The opening overture is light and playful, setting the mood with its lack of depth. As the curtain opened, I exclaimed at the breathtaking staging that the Wiener Staatsoper chose. It really made me feel as if I was staying at a fancy hotel in Switzerland with the grand table and place settings and giant windows. The rousing Viva chorus had my spirits lifted. I wasn’t expecting Amina to be a maid of the hotel, though. She did have quite a beautiful voice, but I preferred Natalie Dessay’s vocal abilities and portrayal of the role personally. There were times when she was very forward in her sound production, and it almost sounded strained. Lisa, the hotel manager, had a good voice, but I didn’t believe it to be strong enough. She seemed like she might have been more comfortable as a mezzo-soprano. Elvino had a decent voice for opera, but I’m not sure he was ready to be cast in a style where so much relies on the vocal abilities that bel canto demands. Count Rodolfo had the strongest voice and character presence of the main cast in my opinion. His costumes were a bit over-the-top, and he must have been sweltering in all of the (faux) fur he was garbed in.

I expected there to be a scenery change into a bedroom setting when the second scene began, but the original set-up remained. The Count’s attempted seduction of Lisa in the empty dining hall didn’t seem as believable. Amina sleepwalked from the outside of the hotel into the main dining hall which also confused me. Where did she originally come from? The Count settled her down onto the floor and covered her with his massive cloak, which was the only indication that he could have been accused of being involved with her.  Morning arrives, and the townspeople catch her on the dining hall floor, and an uproar of accusations arises.  Elvino’s renouncing of his fiancé was a little too dramatic, accompanied by the sudden blowing in of a blizzard into the middle of the room from an open window.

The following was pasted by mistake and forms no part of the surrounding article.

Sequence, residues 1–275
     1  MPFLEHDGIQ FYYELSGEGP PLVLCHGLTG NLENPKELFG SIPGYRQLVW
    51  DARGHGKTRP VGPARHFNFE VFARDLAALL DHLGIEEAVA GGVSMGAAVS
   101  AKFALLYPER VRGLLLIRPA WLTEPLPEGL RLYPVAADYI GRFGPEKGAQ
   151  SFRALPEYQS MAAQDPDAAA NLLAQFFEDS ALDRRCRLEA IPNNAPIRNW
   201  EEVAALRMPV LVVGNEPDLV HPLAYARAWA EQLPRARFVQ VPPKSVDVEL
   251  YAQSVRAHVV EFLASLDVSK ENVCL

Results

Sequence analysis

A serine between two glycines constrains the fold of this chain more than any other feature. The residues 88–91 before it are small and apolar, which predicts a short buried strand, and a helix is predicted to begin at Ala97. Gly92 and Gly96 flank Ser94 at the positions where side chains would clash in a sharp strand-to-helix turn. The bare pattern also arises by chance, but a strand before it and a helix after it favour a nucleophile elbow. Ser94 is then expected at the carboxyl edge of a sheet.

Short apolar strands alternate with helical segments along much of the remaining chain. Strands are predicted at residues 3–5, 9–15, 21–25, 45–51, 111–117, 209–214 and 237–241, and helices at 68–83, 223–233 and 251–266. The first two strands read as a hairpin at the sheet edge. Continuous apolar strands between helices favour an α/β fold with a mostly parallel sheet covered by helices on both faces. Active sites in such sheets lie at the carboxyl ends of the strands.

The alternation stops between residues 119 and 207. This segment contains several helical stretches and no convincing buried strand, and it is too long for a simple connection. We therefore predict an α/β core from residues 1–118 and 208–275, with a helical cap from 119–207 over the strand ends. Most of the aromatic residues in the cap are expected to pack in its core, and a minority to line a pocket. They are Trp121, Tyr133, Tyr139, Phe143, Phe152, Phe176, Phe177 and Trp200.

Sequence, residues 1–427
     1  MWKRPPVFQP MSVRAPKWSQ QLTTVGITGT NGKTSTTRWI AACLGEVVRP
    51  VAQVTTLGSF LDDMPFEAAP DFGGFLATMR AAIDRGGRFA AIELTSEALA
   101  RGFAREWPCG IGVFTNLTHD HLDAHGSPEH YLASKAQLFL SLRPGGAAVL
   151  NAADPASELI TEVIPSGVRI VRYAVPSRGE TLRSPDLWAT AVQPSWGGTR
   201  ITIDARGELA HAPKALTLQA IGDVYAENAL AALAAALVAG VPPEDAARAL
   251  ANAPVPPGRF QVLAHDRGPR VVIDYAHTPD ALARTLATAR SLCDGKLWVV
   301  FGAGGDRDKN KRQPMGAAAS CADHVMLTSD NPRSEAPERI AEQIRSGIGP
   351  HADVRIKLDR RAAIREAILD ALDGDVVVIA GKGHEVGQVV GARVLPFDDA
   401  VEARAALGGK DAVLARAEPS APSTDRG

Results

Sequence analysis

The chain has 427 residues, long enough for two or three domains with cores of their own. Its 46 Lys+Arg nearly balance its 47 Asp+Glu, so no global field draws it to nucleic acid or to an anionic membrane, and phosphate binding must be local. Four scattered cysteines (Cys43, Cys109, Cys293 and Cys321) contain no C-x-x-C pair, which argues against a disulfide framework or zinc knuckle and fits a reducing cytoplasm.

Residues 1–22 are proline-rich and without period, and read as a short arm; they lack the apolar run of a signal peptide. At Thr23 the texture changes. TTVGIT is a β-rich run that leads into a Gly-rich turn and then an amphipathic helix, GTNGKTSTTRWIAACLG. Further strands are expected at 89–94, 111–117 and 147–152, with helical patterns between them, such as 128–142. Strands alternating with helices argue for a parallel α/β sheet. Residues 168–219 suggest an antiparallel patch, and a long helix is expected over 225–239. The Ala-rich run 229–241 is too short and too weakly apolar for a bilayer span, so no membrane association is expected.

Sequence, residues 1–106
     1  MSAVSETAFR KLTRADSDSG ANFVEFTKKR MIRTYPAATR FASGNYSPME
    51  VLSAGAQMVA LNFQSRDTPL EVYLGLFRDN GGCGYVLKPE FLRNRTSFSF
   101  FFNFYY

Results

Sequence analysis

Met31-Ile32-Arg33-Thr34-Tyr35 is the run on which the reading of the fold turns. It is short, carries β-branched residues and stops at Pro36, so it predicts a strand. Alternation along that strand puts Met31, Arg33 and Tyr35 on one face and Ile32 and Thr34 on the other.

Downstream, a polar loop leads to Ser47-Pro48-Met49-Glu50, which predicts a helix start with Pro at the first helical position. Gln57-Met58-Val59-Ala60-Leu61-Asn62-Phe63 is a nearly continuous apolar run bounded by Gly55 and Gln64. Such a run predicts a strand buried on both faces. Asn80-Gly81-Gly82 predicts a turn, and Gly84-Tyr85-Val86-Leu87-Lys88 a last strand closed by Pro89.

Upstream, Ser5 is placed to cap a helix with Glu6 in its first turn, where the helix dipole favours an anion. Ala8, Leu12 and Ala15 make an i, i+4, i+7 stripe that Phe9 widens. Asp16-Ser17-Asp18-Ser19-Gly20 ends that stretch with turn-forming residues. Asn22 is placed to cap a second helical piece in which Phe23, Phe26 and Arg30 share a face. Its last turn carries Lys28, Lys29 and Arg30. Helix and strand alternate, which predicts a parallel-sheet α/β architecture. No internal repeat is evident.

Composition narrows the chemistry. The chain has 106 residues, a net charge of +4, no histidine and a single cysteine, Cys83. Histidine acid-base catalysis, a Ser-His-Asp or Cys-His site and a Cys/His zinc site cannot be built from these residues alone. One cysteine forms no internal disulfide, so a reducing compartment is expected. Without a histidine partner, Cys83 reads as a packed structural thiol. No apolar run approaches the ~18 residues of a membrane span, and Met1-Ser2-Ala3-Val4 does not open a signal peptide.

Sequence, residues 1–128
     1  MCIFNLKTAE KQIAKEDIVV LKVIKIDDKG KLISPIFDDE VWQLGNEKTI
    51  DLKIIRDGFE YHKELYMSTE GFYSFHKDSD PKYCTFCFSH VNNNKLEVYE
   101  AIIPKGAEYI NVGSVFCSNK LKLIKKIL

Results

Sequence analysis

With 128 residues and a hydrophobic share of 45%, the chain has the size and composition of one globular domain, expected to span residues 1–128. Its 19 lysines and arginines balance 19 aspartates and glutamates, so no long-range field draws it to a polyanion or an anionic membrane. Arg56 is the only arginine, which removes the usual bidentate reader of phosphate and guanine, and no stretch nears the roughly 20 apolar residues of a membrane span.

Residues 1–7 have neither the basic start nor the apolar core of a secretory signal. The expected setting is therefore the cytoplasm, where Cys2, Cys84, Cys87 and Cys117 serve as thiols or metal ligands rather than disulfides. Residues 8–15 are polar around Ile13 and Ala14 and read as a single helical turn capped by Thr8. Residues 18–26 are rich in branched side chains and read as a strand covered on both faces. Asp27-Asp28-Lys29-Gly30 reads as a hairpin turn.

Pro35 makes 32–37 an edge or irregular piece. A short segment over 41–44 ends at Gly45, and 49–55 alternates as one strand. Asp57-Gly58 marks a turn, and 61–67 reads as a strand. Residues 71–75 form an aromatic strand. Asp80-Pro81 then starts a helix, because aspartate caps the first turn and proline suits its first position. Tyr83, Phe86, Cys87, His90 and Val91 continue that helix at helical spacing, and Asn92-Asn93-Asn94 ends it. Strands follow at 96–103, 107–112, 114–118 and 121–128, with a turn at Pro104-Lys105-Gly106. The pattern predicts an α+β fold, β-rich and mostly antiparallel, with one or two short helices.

In the beginning of the second act, the pile of snow was still in the middle of the floor along with a broken piano, and the hotel looked nearly deserted and out of business. This was another confusing aspect that I wish I knew the director’s motivation behind this. I did find the duet between Amina and Elvino to be very endearing as she pleads and he turns her away. In the next scene, Lisa redeemed herself with an aria, believing herself to soon be married to Elvino instead. This is not to be, unfortunately, because they find one of her stockings at the scene of the “crime” with the Count. Amina sleepwalked in through the window once more and down the snow pile, which was again strange and a bit dangerous because there were many obstacles in her way that she could have tripped over. It would have been cool to see her sleepwalk out into the audience as was shown in the production we saw in class. The finale was fairly celebratory, but I thought it to be a bit sparse. It would have been great to see dancing everywhere in a wedding celebration, but mainly it was Amina dancing on top of the table in a gaudy red dress. This was probably to put emphasis on the voice of the singers, but it seemed a little lackluster to me.

All in all, I enjoyed this opera as a light-hearted pursuit, but I didn’t experience anything monumental leaving it and was bored at some points. I may want to see it again in another venue with different voices before I pass a judgment on it.